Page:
THE STORY REVEALED
“Oh, errr, good afternoon, Mrs. Potts. Umm, how are you today?” I stammer.
Good heavens, it pains me just to watch her try to climb up the steps to her floor.
Her progress, if you can call it that, is encumbered by the big grocery bag she is holding close to her side with her right arm, her ever-present huge handbag slung over her shoulder, while her left hand is gripping the rail tightly, pulling herself up each step slowly and laboriously. It is slow going.
I am just going down the stairs, on my way to the diner for a bite to eat, when I run into her, almost literally.
It seems that she has just returned from her usual morning trip, where ever that is, and has done a little shopping on her way back.
So I greet her. This is, after all, an opportunity, no time like the present.
Mrs. Potts doesn’t even look at me, or say anything to acknowledge that she hears me talking to her.
Ouch! What do I do? Do I pretend that I didn’t see her?
Months of thinking that she is a reclusive, unfriendly person almost make me balk at further trying to strike up a conversation with old Mrs. Potts. It will have been easy to think up an excuse not to, that I am in a hurry and she is busy, well, climbing the stairs.
But I have already made my personal resolve a few weeks ago to try to befriend her, and so befriend her I will. Besides, I pretty much have promised Su that I will.
Slight or not, I try again.
“Mrs. Potts? Do you need help with your bags, ma’am?”
Still no answer from her, just her putting one foot in front of the other up the steps. That looks so painful, and I am feeling rather embarrassed that I am just standing there not being able to help or to move on, not going to lie about it.
I mean, wow!! Maybe if I just stand still, wait here – it’s not like she’s acknowledging my existence – until she’s made her way up and disappeared from sight, then I can move on? But…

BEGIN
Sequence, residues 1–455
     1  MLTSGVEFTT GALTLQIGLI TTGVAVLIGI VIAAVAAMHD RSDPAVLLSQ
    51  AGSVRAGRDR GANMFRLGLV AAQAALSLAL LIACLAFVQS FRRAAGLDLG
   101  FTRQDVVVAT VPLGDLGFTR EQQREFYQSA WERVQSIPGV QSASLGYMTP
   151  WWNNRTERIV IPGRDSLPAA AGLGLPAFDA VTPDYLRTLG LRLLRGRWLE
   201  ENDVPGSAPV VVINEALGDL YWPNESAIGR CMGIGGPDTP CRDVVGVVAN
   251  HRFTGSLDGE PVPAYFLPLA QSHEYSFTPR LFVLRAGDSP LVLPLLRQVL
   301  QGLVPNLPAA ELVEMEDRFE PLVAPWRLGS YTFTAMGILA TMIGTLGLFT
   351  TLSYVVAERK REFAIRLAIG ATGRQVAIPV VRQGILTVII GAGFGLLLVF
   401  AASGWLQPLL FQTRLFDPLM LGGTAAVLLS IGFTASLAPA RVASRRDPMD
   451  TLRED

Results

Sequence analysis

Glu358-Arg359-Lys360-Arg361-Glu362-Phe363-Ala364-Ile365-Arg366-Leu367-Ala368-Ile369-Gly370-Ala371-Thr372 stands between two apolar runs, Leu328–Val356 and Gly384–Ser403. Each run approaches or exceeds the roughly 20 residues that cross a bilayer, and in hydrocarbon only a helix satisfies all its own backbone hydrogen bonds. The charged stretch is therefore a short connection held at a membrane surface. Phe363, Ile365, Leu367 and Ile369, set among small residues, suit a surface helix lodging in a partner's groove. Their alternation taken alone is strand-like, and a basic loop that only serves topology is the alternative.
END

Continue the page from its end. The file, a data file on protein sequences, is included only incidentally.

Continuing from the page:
I was raised in a family where my siblings and I were taught to be respectful to anyone, no matter who they were. We were taught that when someone directly talked to you, you replied.
Our elders’ teachings remain thus, that it is disrespectful and a sign that one is not raised in a good household if one does not show respectability in one’s character. It has been stressed enough times, that one is to be respectable, and if possible to be respectful, of and towards all human beings.
Now me… I might have been cheeky and playful sometimes, fly-away in my actions other times, make bad judgments or prone to mistakes more than once, and lets not even start on the inevitable social mishaps, but I always make sure to be courteous towards others. I have my moments of real sobriety and graciousness, hopefully more often than not, and I’m not even bragging but stating my facts.
I also figure that old Mrs. Potts is being very disrespectful in not answering me. Surely she isn’t deaf! At the very least, she should have looked at me when I speak to her.
So I am a bit upset and offended – rightfully so or not – and I almost leave off on talking further to her, not caring if it takes her hours to get to her apartment a floor above.
Yes, I know. I just roll my eyes, too.
I can just hear my mom saying to me, “She’s old! Surely you aren’t upset over such a little thing. And to not help an old lady with her bags? I raised you better than this!” followed by a mile-long stare purely designed to make the unfortunate person (me) immediately repentant and falling all over themselves (again, me) to make things right.
So I cast a quick prayer above that I don’t make things worse with Mrs. Potts, but then throw caution to the wind, stand directly in her path, and take the grocery bag from her.
Maybe my parents’ teachings have a far-reach impact and go deeper than I think, and in subconsciously not wanting to disappoint my mom, I do what I do.
Maybe it is divine intervention, because the Good Lord knows I can use a nudging in the right direction! God knows also that I have many regrets at not doing any good deeds after the opportunities to do them have passed.
I am glad that I do what I do, as it turns out.
It doesn’t take much effort to take the bag from the elderly Mrs. Potts, since she is obviously preoccupied with making it up the stairs in one piece and baggage in hand, one laborious step at a time. I easily relieve her of her groceries bag.
But her reaction is totally unexpected.
No sooner have I taken the bag from her – which I do without a word of explanation by the way, figuring that words are wasted – then her head snaps up to look my way.
Her expression will have startled me on any good day. As it is, I am feeling somewhat miffed at her still, so when she looks in bewilderment, shock and a little fright my way, I myself am startled to say the least.
It is the bewilderment which cause me to pause and look at her closely. It almost seems like she is trying to see me. And the word which came out of her mouth confirm my suspicion.
Just one word, and with it came enlightenment.
Mrs. Potts is semi-blind.
I blink at her.
…continued in next part…
For previous chapters of Nysa’s Mirror, go here